When the alarm went off, the soft music and chirping birds growing louder and louder, Audrey already knew that it was far, far too late.
When the young woman appeared, garbed in robes of green and a wide belt of scarlet, the two treasure-seekers understood at once that she was the temple guardian. And they did not hesitate to approach her.
“Greetings, travelers,” the temple guardian said. “Give me your names.”
The two treasure-seekers gave her their names freely.
She did not return their offer of names, nor did she return their smiles.
“Turn back, travelers,” the temple guardian said, her voice calm and measured. “Go no further than the spot where I now stand.”
The Shifting Night Anomaly was so called at first because its margins seemed to change every so often, making it difficult, if not impossible, to map. We had sent probe after probe inside for three generations. Out of the near thousand probes that were deployed, only forty-seven were recovered. The more we learned about the anomaly, the more we realized how fitting the name was. There were no systems and no stars within, only remnants of dead worlds. Only strange and exotic gases. Only nebulas haunted by the ghosts of stars that flickered and faded before they could burst into life.
“So you…want to go into stasis, sir?”
“For seven to eight hours a night, yes,” I said, nodding to the only person I trusted to help me carry out my latest endeavor.
“But the technology doesn’t work that way,” Leeke said. “No one has yet managed to develop a program this sophisticated that wouldn’t require continuous stasis for at least several months, probably more. At least, not with the information that the agency has released so far. Sir, at best, I fear it would be a waste of your time.”
“Me for? For…me…only? No, not. For all.”
Quin peered at the man who was her mentor, her friend, and now, her charge. It was late, and they were both tired. But she believed that she understood what he was trying to say, as he took in the flurry of effort that was being directed toward the singular aim of helping him.
Just me? he was saying. What about everyone else?
She had learned to listen to more than just his words in the five years that she had been studying with him, or rather, he had taught her to listen to more than just his—or anyone else’s—words.
“By accepting this challenge when you are so obviously unready for it, you are jeopardizing the peace meal—“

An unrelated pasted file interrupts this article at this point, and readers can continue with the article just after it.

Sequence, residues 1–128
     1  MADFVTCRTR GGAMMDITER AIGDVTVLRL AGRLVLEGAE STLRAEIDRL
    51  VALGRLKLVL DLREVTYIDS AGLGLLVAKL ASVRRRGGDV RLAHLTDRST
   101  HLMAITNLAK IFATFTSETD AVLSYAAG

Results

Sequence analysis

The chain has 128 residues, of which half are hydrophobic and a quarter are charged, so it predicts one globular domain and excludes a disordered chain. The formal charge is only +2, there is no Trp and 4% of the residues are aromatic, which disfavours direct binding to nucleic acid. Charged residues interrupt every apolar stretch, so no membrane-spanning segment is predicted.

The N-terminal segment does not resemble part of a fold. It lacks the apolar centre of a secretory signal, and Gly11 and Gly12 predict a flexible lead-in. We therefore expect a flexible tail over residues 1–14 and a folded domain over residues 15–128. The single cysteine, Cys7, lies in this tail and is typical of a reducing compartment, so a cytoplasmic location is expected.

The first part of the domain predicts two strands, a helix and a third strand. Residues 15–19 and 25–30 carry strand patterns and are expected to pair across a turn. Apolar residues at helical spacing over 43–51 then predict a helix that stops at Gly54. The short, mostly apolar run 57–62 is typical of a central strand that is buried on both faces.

“No, you’re jeopardizing the peace meal,” Jae said, as she took a step toward her challenger. “By your obvious poor example of what peace means. There is no graciousness or humility in your demeanor. There is no generosity or compromise in your attitude toward those who have been chosen—or even those who did the choosing. By questioning me, you are questioning, doubting, and disrespecting those who chose me.”
I noticed the magician when he slipped in behind the last person to enter the golden-walled elevator, and I sucked in a breath. I held it, half-subconsciously, as if it would make me invisible to him. It did not. I started feeling thudding of my heart as soon as he started turning to people, one at a time, handing them scraps of paper, touching their hands. I exhaled when he turned to me and handed me a scrap of paper too. He grinned and told me what I was supposed to do the next time he called upon me.
When he turned away, my gaze began to dart around the tiny box in which we were all trapped, looking for a way, any way, out. I glanced up. I glanced at the large tall man whom I could easily hide behind, if he weren’t so far away. I saw no way out, and so I took a deep breath and braced myself for when the magician’s attention would once again return to me.
“I hope they paid you double the salary for working on both shows,” I said.
Cal chuckled. “Well…” He trailed off with a wave of his hand. “A shame about the fire. They were pretty good those episodes, as I recall. But since we only showed them once a year, we didn’t keep them in the same place we kept the other reels.”
The Contest Chevelure was a time-honored competition held in a modest town in the middle of a modest country. It was a contest to see who could have the most extravagant and beautiful head of hair. Only, there was one notable detail. None of the people in the town had any hair on their heads.
Andrew saw it first. About a month into our six-month rotation maintaining the company’s Arctic monitoring station. He was doing weekly maintenance on all the pumps on the north side when he thought he saw some motion. At first, he thought he’d just imagined something.